As the Texas Department of Transportation continues to widen portions of State Highway 195 from Killeen to Georgetown, commercial development is likely to follow.
“As that traffic increases out there, so will business,” Killeen Mayor Dan Corbin said.
The city already has regulatory control through zoning ordinances as far south as Chaparral Road because the properties are located within the city limits. A narrow stretch of land along the highway, with some other larger parcels of land approaching Triple 7 Trail, also are within city limits.
With some residential developments already out that way, more are likely to come as the city continues to grow, said Tony McIlwain, a Killeen city planner.
More rooftops also increase the chances of vacant land developing into commercial use.
Large portions of the undeveloped properties in the city limits along 195 are in the university or cemetery zoning districts, McIlwain said.
“We are trying to put in complementary land uses that maintain the dignity by the cemetery and the university,” McIlwain said, referring to Central Texas State Veterans Cemetery and Texas A&M University-Central Texas.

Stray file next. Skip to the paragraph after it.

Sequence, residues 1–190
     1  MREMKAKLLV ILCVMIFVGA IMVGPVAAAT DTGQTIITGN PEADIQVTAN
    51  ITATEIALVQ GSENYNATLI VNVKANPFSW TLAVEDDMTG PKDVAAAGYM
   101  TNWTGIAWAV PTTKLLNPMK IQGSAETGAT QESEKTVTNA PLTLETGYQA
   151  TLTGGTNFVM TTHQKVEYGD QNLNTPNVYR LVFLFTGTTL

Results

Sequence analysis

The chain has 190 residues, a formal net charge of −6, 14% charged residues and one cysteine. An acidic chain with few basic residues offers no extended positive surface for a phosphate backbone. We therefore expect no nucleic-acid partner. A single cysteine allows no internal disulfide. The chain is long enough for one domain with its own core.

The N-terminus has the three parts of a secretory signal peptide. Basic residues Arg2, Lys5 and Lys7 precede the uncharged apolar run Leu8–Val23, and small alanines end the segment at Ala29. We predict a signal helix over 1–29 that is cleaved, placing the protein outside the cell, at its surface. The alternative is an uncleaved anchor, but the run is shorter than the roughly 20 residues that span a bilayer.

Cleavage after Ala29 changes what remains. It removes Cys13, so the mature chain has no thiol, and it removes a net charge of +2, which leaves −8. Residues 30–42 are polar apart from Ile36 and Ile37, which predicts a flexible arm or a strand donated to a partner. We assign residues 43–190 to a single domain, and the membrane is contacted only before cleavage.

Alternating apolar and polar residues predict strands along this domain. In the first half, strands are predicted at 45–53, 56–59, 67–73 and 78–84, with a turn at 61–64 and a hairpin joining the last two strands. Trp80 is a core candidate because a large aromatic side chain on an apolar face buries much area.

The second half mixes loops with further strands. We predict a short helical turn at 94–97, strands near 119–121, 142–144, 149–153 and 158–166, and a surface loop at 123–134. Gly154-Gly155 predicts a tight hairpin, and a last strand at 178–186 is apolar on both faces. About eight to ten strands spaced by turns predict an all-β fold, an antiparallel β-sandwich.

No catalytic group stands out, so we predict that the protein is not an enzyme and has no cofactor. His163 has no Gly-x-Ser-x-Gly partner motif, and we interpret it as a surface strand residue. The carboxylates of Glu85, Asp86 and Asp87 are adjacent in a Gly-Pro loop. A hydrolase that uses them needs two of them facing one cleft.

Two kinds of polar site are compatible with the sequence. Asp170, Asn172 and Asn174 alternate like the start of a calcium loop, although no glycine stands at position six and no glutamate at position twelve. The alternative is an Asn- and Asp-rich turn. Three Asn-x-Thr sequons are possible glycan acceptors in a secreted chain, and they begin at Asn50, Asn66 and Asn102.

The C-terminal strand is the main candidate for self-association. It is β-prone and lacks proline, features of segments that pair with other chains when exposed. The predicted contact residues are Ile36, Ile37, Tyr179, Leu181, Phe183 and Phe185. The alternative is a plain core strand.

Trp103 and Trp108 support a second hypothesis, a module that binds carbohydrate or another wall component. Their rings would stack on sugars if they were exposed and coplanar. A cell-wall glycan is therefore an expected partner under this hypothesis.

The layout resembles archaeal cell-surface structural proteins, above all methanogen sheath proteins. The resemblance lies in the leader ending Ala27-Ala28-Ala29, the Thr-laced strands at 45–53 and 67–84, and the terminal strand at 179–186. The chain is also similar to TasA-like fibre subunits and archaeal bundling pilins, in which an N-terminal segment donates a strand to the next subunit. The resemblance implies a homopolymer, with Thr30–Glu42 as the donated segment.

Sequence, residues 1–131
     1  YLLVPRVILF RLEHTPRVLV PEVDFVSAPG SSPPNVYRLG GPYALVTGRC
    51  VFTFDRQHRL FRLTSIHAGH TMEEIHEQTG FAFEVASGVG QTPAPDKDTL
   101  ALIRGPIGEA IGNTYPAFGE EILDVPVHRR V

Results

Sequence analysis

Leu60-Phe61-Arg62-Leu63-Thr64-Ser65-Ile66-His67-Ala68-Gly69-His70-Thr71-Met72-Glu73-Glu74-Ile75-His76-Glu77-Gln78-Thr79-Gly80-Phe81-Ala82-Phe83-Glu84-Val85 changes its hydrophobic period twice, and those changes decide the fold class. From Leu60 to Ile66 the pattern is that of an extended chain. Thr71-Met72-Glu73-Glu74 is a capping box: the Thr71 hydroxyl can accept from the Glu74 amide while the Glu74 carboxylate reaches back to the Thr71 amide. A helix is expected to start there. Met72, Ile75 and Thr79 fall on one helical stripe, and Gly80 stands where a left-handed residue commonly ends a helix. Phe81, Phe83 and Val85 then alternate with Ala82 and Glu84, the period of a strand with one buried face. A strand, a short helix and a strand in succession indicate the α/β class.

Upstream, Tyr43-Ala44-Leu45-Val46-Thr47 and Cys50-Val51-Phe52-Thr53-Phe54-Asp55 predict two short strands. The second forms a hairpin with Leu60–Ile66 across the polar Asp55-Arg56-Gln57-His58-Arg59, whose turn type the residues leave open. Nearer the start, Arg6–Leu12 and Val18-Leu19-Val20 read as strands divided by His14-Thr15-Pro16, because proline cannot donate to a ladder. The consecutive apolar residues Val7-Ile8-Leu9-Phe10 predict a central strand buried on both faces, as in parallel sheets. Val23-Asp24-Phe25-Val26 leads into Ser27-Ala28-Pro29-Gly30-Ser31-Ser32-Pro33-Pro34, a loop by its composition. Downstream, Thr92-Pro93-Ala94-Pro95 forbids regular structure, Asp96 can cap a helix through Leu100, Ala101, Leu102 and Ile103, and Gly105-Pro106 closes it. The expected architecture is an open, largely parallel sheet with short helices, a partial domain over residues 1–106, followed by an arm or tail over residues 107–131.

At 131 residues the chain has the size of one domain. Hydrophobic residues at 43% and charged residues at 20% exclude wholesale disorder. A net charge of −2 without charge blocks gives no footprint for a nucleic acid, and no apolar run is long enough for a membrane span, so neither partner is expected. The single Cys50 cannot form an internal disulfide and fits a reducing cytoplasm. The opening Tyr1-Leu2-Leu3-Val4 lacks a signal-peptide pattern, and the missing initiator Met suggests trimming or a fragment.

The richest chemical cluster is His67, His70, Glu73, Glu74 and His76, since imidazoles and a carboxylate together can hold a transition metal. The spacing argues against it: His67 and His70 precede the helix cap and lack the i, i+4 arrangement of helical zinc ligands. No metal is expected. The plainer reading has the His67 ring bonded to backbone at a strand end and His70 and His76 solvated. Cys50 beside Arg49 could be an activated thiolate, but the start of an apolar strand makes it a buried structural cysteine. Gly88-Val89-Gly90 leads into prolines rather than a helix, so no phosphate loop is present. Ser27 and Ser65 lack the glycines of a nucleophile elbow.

Those districts allow for mixed-use development and will help regulate the growth in the area, McIlwain said.
Better regulations on what can be developed and how things can be constructed could improve the city’s image and produce better developments, Corbin said. It’s important to regulate what is coming along the highway, because it is a gateway to the city.
“The image of our city is established at first sight,” he said. “If drivers are coming up 195 to our city, what they see is going to have a lot to do with what they think of our town.
Corbin said the city needs to “prevent substandard development from occurring” in that area, too.
A Killeen City Council subcommittee was created to review the facade regulations of buildings that could be applied to the area, but Corbin said members stopped meeting because they thought regulations weren’t needed.
Corbin said he wasn’t sure if that was a step in the right direction.
“At some point, I think we need to get ahead of it ... instead of waiting for the development,” he said. “It is easier to keep a problem from happening than fixing the problem after it happens.”
The city is updating its thoroughfare master plan, which includes the 195 corridor, McIlwain said.
Corbin said he hopes 195 will look a lot like U.S. Highway 190 one day.
“We want it all,” McIlwain said. “We want to see an anchor retail presence, a hub to where we can have entities that supply jobs.”